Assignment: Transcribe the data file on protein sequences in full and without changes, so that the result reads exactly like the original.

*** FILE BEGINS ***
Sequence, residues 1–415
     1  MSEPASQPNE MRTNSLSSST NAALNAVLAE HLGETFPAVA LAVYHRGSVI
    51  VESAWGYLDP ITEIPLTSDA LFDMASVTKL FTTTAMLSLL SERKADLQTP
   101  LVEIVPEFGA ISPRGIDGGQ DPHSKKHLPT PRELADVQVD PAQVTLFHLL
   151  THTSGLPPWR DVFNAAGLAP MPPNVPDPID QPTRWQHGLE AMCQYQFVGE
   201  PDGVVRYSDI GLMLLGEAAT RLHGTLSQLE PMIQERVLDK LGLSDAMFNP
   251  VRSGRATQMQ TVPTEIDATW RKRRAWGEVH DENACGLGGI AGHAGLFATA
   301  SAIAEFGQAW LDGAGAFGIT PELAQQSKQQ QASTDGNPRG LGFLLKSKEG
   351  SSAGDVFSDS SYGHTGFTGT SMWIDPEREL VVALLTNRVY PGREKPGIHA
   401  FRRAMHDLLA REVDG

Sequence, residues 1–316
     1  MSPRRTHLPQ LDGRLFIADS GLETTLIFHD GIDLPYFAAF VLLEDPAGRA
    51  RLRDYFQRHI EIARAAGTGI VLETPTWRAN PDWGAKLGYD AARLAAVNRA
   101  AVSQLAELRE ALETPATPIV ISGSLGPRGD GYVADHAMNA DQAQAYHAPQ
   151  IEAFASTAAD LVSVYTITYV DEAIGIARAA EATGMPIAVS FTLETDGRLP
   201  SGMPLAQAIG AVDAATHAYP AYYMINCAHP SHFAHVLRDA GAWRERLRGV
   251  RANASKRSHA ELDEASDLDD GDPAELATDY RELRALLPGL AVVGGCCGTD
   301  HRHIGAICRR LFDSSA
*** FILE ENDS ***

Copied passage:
Sequence, residues 1–415
     1  MSEPASQPNE MRTNSLSSST NAALNAVLAE HLGETFPAVA LAVYHRGSVI
    51  VESAWGYLDP ITEIPLTSDA LFDMASVTKL FTTTAMLSLL SERKADLQTP
   101  LVEIVPEFGA ISPRGIDGGQ DPHSKKHLPT PRELADVQVD PAQVTLFHLL
   151  THTSGLPPWR DVFNAAGLAP MPPNVPDPID QPTRWQHGLE AMCQYQFVGE
   201  PDGVVRYSDI GLMLLGEAAT RLHGTLSQLE PMIQERVLDK LGLSDAMFNP
   251  VRSGRATQMQ TVPTEIDATW RKRRAWGEVH DENACGLGGI AGHAGLFATA
   301  SAIAEFGQAW LDGAGAFGIT PELAQQSKQQ QASTDGNPRG LGFLLKSKEG
   351  SSAGDVFSDS SYGHTGFTGT SMWIDPEREL VVALLTNRVY PGREKPGIHA
   401  FRRAMHDLLA REVDG

Sequence, residues 1–316
     1  MSPRRTHLPQ LDGRLFIADS GLETTLIFHD GIDLPYFAAF VLLEDPAGRA
    51  RLRDYFQRHI EIARAAGTGI VLETPTWRAN PDWGAKLGYD AARLAAVNRA
   101  AVSQLAELRE ALETPATPIV ISGSLGPRGD GYVADHAMNA DQAQAYHAPQ
   151  IEAFASTAAD LVSVYTITYV DEAIGIARAA EATGMPIAVS FTLETDGRLP
   201  SGMPLAQAIG AVDAATHAYP AYYMINCAHP SHFAHVLRDA GAWRERLRGV
   251  RANASKRSHA ELDEASDLDD GDPAELATDY RELRALLPGL AVVGGCCGTD
   301  HRHIGAICRR LFDSSA